To facilitate our working together as a team, each of us has been endowed with one or more “spiritual gifts” as described in Romans chapter 12, 1 Corinthians Chapter 12, and Ephesians Chapter 4.  Ironically, these gifts that were designed to unite us have sometimes been the very vehicles that drove us apart.  This is not altogether bad, for if we disagree and move apart for the sake of peace, then we may expand into new territory and reach people with whom we otherwise would never have come into contact.   

However, at some point, we may have to be mature enough to come back together to work together with those with whom we may not fully agree, especially in complex projects such as community evangelism and city wide revival.  

Cooperation is needed because individual churches often excel in one aspect of the kingdom while neglecting other just as important aspects of the kingdom.  No one church has the market cornered on truth. The full expression of church life requires the various proficiencies of the different denominations.  

We all need to respect the reverence of the Catholic liturgy, the freedom of Protestant teaching, the powerful representation of zeal in the charismatic churches, and the intimacy and community of house churches.  As is stated in 1 Corinthians 12, “the eye cannot say to the hand nor the head to the foot, ‘I have no need of you.’”

Within each church, there should be a multiplicity of spiritual gifts in operation.  There are seven gifts listed in Romans 12, nine in 1st Corinthians 12, and five more in Ephesians 4.  There are gifts of leadership, mercy, service, teaching, prophecy, and healing.  There is the gift of tongues, the interpretation of tongues, the discerning of spirits, wisdom, and knowledge.  There are evangelists that excel in preaching the gospel, pastors who specialize in caring for the needs of the saints, prophets who hopefully keep the church focused on Christ, and apostles who venture out and start new churches.  Each gift is precious and needed in Our Father’s great house.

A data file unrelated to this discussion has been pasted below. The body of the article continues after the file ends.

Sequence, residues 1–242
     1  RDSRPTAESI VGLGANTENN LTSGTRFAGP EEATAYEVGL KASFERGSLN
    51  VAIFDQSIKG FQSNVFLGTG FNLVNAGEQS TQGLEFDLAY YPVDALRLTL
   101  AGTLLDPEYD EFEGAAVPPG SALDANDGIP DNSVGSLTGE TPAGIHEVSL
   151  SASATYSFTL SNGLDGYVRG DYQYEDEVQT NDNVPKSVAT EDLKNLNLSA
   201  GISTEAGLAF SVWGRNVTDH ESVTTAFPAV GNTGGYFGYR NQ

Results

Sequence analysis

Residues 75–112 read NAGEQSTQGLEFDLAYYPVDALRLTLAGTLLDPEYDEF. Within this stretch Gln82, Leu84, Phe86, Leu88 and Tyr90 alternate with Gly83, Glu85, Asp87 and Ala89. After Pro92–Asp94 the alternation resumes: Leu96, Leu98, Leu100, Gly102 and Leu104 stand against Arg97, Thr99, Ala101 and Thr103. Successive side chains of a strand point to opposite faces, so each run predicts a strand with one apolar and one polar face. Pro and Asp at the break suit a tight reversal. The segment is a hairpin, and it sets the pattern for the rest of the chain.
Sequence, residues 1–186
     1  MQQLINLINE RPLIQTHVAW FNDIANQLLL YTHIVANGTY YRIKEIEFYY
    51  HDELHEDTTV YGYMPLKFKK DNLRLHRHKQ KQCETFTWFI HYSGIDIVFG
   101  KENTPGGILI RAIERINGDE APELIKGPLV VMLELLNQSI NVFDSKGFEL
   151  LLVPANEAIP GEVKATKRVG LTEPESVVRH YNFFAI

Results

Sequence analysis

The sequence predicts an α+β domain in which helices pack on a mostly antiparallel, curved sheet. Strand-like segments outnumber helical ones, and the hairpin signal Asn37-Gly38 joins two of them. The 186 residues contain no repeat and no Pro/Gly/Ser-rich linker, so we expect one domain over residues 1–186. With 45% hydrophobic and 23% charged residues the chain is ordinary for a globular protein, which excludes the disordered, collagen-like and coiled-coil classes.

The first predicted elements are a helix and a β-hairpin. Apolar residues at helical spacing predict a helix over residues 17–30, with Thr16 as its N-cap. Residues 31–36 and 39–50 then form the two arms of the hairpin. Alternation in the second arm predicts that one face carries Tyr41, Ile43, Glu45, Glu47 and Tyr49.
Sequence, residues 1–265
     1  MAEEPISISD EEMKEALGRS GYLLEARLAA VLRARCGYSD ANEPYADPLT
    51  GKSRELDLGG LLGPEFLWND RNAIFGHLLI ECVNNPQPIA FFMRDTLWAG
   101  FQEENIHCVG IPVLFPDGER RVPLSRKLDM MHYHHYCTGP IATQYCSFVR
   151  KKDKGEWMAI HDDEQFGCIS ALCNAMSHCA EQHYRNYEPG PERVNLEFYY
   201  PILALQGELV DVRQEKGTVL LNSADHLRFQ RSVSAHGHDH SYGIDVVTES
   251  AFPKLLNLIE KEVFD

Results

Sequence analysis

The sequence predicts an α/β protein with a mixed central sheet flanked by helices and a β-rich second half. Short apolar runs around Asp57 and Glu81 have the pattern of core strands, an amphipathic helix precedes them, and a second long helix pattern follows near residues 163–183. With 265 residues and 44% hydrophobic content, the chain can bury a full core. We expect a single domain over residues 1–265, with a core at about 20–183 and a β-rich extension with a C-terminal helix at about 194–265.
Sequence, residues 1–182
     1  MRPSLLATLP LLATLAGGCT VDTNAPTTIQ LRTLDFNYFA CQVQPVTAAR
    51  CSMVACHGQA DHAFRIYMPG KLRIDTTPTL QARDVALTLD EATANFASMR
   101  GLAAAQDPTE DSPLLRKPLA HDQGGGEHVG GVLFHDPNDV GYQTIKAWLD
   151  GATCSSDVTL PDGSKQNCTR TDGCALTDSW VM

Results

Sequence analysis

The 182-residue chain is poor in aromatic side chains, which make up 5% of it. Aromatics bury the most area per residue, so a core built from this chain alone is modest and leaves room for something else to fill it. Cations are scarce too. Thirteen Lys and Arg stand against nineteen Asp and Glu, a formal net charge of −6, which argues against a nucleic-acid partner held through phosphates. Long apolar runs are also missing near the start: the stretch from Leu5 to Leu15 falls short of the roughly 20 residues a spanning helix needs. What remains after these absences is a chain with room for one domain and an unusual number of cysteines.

The scripture declares two aspects of the acquisition of these gifts.  First, that “the Holy Spirit distributes the gifts to each one as he wills.”  Second, that we are to “desire earnestly spiritual gifts, especially that we may prophecy.”  

So, we see that there is a sacred partnership between us and God.  He does his part, we do ours, and everyone is blessed.

As far as the utilization of these gifts, there is divine order in the way that these gifts should manifest, and we do well if we observe these guidelines.  Ignorance of the proper place and practice of the gifts is just as undesirable as is the ignorance of the gifts.  We must “study to show ourselves approved, workmen who need not be ashamed, rightly dividing the word of God.”

When we are diligent to fulfill our responsibility in the ministry of the word of God in the church of God to the children of God, blessings abound.  

People grow and mature, heaven is pleased, and people are saved.  The much ballyhooed revival that has been promised and proclaimed as imminent may actually come to fruition.  

Our Father and Jesus are always willing and waiting to fulfill their responsibility in our lives for Christ is the “author and finisher of our faith.”  As Psalm 80:17,18 says, “Let your hand be upon the man of your right hand, upon the Son of Man whom You made strong for yourself.  Then we shall not turn back from you.  Revive us, and we will call upon Your name.”

~ Brad Heilhecker

Lead image by Robert Koorenny – Unsplash